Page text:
Enhanced Biological Phosphorus Removal in Typical Norwegian Wastewater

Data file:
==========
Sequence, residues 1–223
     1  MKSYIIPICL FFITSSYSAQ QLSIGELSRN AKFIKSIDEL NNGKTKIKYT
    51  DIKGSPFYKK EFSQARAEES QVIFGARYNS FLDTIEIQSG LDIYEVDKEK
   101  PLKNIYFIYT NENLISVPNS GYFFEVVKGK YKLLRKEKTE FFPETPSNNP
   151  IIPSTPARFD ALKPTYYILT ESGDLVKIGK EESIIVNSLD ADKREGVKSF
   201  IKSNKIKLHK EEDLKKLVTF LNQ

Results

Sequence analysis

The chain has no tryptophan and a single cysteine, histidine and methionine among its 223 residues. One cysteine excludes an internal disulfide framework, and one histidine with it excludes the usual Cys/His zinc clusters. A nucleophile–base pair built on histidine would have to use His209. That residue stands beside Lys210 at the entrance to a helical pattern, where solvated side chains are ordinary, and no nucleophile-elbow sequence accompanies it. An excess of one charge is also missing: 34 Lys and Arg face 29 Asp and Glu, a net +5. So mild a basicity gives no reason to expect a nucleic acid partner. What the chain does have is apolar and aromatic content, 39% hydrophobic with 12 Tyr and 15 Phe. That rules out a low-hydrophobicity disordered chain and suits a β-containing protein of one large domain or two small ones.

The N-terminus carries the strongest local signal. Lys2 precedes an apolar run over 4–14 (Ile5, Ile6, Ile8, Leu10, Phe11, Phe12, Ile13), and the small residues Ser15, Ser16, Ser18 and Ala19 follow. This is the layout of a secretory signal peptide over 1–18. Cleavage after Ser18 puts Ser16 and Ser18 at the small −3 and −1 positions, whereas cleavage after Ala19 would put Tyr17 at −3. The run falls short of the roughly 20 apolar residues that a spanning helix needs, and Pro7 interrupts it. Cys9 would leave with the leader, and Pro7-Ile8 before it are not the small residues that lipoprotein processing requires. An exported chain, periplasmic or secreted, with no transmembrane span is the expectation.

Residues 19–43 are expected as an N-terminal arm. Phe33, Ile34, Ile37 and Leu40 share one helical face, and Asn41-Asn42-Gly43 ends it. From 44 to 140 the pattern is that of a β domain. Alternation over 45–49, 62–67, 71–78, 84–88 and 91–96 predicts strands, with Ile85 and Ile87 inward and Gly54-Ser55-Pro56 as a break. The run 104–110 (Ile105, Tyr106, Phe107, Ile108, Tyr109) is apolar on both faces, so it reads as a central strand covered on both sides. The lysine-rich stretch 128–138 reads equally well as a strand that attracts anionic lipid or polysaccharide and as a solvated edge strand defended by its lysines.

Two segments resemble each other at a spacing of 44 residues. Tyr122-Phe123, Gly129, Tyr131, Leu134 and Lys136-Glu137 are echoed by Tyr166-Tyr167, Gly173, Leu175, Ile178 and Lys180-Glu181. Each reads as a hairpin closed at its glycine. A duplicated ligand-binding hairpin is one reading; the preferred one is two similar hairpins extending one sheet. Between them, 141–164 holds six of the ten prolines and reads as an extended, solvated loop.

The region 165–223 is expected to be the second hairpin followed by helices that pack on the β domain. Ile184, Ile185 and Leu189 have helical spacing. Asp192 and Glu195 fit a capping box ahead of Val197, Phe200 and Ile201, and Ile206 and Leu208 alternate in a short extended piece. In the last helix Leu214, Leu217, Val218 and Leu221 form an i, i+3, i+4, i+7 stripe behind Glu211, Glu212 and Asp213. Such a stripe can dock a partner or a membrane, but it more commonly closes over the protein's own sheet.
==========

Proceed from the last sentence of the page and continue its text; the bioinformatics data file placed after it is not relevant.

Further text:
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Discharge of wastewater containing excess amounts of nutrients such as phosphorus (P) cause eutrophication of the receiving waterbodies. The consequences related to eutrophication can vary in severity, from esthetical issues to medical threats. The increasing focus on P as a non-renewable resource and the necessity for recovering and recycling P from nutritious wastewater has made biological phosphorus removal (EBPR) in wastewater a more favorable method compared to chemical precipitation. EBPR is a complex process where several essential process conditions and prerequisites make Norwegian wastewater, which typically is diluted and low in nutrients, less ideal for EBPR. In this study, the possibility of applying EBPR in a local and presumably typical Norwegian wastewater (Lerkendal wastewater) was examined. The objectives of this work were to characterize the unknown wastewater in terms of relevant substances according to EBPR, and perform batch experiments to assess the bio-P activity in the wastewater and subsequent potential for EBPR. The main results from characterizing the Lerkendal wastewater show that there is a resemblance to typical Norwegian wastewater as there were no significant deviations when compared to literature values. The wastewater is consistent for hourly and daily variation, where the concentration of soluble chemical oxygen demand (sCOD), constituting the substrate for Polyphosphate-Accumulating Organisms (PAOs), showed no signs of diurnal pattern or vulnerability to excess amounts of precipitation. The influent ratio of sCOD:PO4-P and COD:BOD5 is 60.2 and 1.8 respectively, reflecting the biodegradability character of the wastewater and indicate high potential for EBPR. The main results from batch experiments show a low P release and uptake in the wastewater both with and without external addition of acetic acid (100 mg sCOD/L). The P release rates were between 1.32 and 1.73 P/g VSS*h without acetic acid, which is classified as moderate rates. This indicates poor bio-P activity and negligible fraction of PAOs. Luxury uptake was not detected even with high P uptake rates (6.04 to 10.65 mg P/g VSS*h). The results are related to the condition of the bio-P sludge used in the experiments, which gives reason to suspect that better results could have been obtained if activated sludge was used instead of MBBR sludge. The results presented give reason to conclude that there is potential for EBPR in the Lerkendal wastewater, however it is limited due to the low concentration of organic substrate naturally present in the wastewater. The concentration of organic substrate can be easily enhanced by installing a hydrolysis tank as a preliminary step before anaerobe bioreactor, and thus increase the potential for EBPR in the Lerkendal wastewater, and presumably Norwegian wastewaters.